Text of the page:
[Pt] Publication type:JOURNAL ARTICLE
[Em] Entry month:1712
[Cu] Class update date: 171227
[Lr] Last revision date:171227
[St] Status:In-Process

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[PMID]: 29196015
[Au] Autor:Deng Q; Pu Y; Sun L; Wang Y; Liu Y; Wang R; Liao J; Xu D; Liu Y; Ye R; Fang Z; Gooneratne R
[Ad] Address:College of Food Science and Technology, Guangdong Ocean University, Guangdong Provincial Key Laboratory of Aquatic Product Processing and Safety, Key Laboratory of Advanced Processing of Aquatic Products of Guangdong Higher Education Institution, No. 1 Haida Road, Zhanjiang 524088, Guangdong Provinc
[Ti] Title:Antimicrobial peptide AMPNT-6 from Bacillus subtilis inhibits biofilm formation by Shewanella putrefaciens and disrupts its preformed biofilms on both abiotic and shrimp shell surfaces.
[So] Source:Food Res Int;102:8-13, 2017 Dec.
[Is] ISSN:1873-7145
[Cp] Country of publication:Canada
[La] Language:eng
[Ab] Abstract:Shewanella putrefaciens biofilm formation is of great concern for the shrimp industry because it adheres easily to food and food-contact surfaces and is a source of persistent and unseen contamination that causes shrimp spoilage and economic losses to the shrimp industry. Different concentrations of an antimicrobial lipopeptide, the fermentation product of Bacillus subtilis, AMPNT-6, were tested for the ability to reduce adhesion and disrupt S. putrefaciens preformed biofilms on two different contact surfaces (shrimp shell, stainless steel sheet). AMPNT-6 displayed a marked dose- and time-dependent anti-adhesive effect>biofilm removal. 3MIC AMPNT-6 was able both to remove biofilm and prevent bacteria from forming biofilm in a 96-well polystyrene microplate used as the model surface. 2MIC AMPNT-6 prevented bacteria from adhering to the microplate surface to form biofilm for 3h and removed already existing biofilm within 24h. Secretion of extracellular polymeric substances incubated in LB broth for 24h by S. putrefaciens was minimal at 3× MIC AMPNT-6. Scanning electron microscopy showed that damage to S. putrefaciens bacteria by AMPNT-6 possibly contributed to the non-adherence to the surfaces. Disruption of the mature biofilm structure by AMPNT-6 contributed to biofilm removal. It is concluded that AMPNT-6 can be used effectively to prevent attachment and also detach S. putrefaciens biofilms from shrimp shells, stainless steel sheets and polystyrene surfaces.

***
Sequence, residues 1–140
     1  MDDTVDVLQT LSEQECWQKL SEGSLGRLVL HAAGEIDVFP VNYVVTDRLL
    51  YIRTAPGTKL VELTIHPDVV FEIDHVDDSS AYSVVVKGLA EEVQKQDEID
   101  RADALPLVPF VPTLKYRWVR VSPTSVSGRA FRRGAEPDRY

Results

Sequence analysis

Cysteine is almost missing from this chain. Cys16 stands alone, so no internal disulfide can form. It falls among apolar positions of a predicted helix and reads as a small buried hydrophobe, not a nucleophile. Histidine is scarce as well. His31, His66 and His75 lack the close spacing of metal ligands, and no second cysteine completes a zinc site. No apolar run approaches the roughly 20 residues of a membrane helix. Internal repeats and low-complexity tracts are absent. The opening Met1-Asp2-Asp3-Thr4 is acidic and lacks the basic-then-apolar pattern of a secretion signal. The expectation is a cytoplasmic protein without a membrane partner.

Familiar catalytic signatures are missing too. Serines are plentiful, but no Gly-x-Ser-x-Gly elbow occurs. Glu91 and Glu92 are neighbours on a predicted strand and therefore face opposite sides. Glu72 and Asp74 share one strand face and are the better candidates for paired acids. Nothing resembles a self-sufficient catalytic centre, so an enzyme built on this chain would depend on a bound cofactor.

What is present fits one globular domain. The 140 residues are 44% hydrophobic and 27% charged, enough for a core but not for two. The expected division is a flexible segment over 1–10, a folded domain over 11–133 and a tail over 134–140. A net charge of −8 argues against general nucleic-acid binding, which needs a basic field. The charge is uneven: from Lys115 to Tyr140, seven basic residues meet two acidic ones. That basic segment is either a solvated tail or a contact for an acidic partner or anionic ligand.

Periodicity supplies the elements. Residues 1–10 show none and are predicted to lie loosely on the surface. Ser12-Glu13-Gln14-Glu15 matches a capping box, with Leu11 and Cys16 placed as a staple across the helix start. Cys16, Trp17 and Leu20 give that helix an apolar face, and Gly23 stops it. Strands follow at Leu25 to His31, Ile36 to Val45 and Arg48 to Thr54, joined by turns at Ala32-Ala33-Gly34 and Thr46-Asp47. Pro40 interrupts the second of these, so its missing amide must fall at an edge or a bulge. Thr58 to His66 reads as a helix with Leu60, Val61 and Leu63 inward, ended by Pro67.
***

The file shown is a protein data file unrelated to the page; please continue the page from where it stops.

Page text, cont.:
[Pt] Publication type:JOURNAL ARTICLE
[Em] Entry month:1712
[Cu] Class update date: 171202
[Lr] Last revision date:171202
[St] Status:In-Data-Review

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[PMID]: 29172040
[Au] Autor:Guo P; Zhang C; Wang Y; Yu X; Zhang Z; Zhang D
[Ad] Address:Institute of Marine Biology, Ocean College, Zhejiang University, Zhoushan 316021, Zhejiang, China; Institute of Agricultural Products Processing and Nuclear Agriculture Technology Research, Hubei Academy of Agricultural Sciences, Wuhan 430064, China.
[Ti] Title:Effect of long-term fertilization on humic redox mediators in multiple microbial redox reactions.
[So] Source:Environ Pollut;234:107-114, 2017 Nov 21.
[Is] ISSN:1873-6424